Chili Cheese Dog Pudgy Pies

For a person that lives in Northern Wisconsin, I’m not nearly as outdoorsy as I should be. I don’t camp, fish, hike, or hunt. While admitting to these things is a pretty big character flaw in this neck of the woods, the one outdoor activity that I thoroughly enjoy is sitting by a campfire. More specifically, cooking delicious food over a fire.

When I was young, my parents would send me for one week away at camp each summer. While I merely put up with all of the other required activities, I loved the cookouts that we had, and that is where I was introduced to the concept of the pudgy pie. For those of you that don’t know, a pudgy pie is two pieces of bread with yummy fillings inside that is then heated like a grilled cheese using a camp cooker, also known as a double pie iron. The most familiar pudgy pies that I have seen people make are pizza pudgy pies and apple pudgy pies. The first being stuffed with sauce, pepperoni, and mozzarella, and the latter being filled with apple pie filling. I was always a fan of the pizza pudgy pie and thought it couldn’t be topped until I had the opportunity to try a chili cheese dog version. This delicious invention was stuffed with chopped up hot dogs, chili, and of course, cheese. 

Since the camp I was attending was trying to feed numerous middle school students, they were opting to use chili out of a can when creating these pies, but as an adult reflecting back, I decided that it was time to amp up the chili cheese dog pudgy pie with some homemade chili. With a little adaptation, I was able to transform my original chili recipe to be somewhat less spicy, and a lot less liquidy. These two changes were enough to create the perfect chili for the inside of my pie. After trying them last weekend, I can say with 100% certainty that while chili cheese dog pudgy pies are good with canned chili, they are incredible with this homemade version. 

So, start up your campfires, and let’s get cooking!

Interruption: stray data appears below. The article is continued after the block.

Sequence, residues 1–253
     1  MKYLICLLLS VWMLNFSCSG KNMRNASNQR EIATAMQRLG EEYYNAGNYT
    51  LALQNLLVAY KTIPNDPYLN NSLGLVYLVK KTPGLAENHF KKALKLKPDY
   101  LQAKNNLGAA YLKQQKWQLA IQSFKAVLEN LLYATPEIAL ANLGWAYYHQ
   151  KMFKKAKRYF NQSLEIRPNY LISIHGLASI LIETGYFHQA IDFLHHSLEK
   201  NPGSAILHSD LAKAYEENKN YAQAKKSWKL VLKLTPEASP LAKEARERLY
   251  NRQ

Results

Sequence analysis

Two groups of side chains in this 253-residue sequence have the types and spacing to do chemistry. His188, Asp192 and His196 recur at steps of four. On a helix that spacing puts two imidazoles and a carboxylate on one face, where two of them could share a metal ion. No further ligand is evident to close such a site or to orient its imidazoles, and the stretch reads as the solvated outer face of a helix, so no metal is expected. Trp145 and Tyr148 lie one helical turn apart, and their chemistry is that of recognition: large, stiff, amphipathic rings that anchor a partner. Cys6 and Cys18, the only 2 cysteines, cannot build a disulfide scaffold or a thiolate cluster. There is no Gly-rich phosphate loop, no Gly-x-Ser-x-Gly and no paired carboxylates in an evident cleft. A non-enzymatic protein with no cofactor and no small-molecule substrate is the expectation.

Ingredients

Chili

1 lb Ground Round

1 can Petite Diced Tomatoes

1 can Kidney Beans 

1 can Medium Chili Beans

½ tsp Onion Powder

½ tsp Garlic powder

1 ½ tbsp Chili Powder

1 tsp Salt

½ tsp Sugar

1 tsp Worcestershire Sauce

½ tsp Hot Sauce

Pudgy Pies

2 slices of Bread per Person

½ Hot Dog per Person (coined and halved)

¼ cup Shredded Cheddar per Person

Butter (for greasing pans and buttering bread)

*Special Tool* – Camp Cooker or Double Pie Iron

Directions

Before you can even begin to think about lighting your campfire, you need to make your chili. I like to make this up the night before to ensure that all of the flavors have thoroughly combined before eating it.  This chili recipe makes up enough for between 13-15 pudgy pies depending on how much chili people are stuffing in between their bread. So, this is a great party food overall!

The biggest change between this chili recipe and others is that this one involves more straining of ingredients. The goal is to eliminate as much liquid as possible from the chili mixture to remove the chance of the bread getting soggy when the pie is made. 

1. The first step to making the chili is to brown the ground round and then strain it. Next, add the petite diced tomatoes directly into the meat that is still in the strainer. Make a chopping motion with a spatula to dice the tomatoes down even finer and to help remove more of the liquid from the dish. 

2. After the meat and tomatoes have been combined, dump them into a bowl. Then strain the kidney beans before adding them into the same bowl. The chili beans are going to be the one exception to the staining rule. Do NOT strain them, because the sauce that they are combined with is flavorful, and you will want to retain that flavor in the chili. Add them into the bowl and then move on to the next step.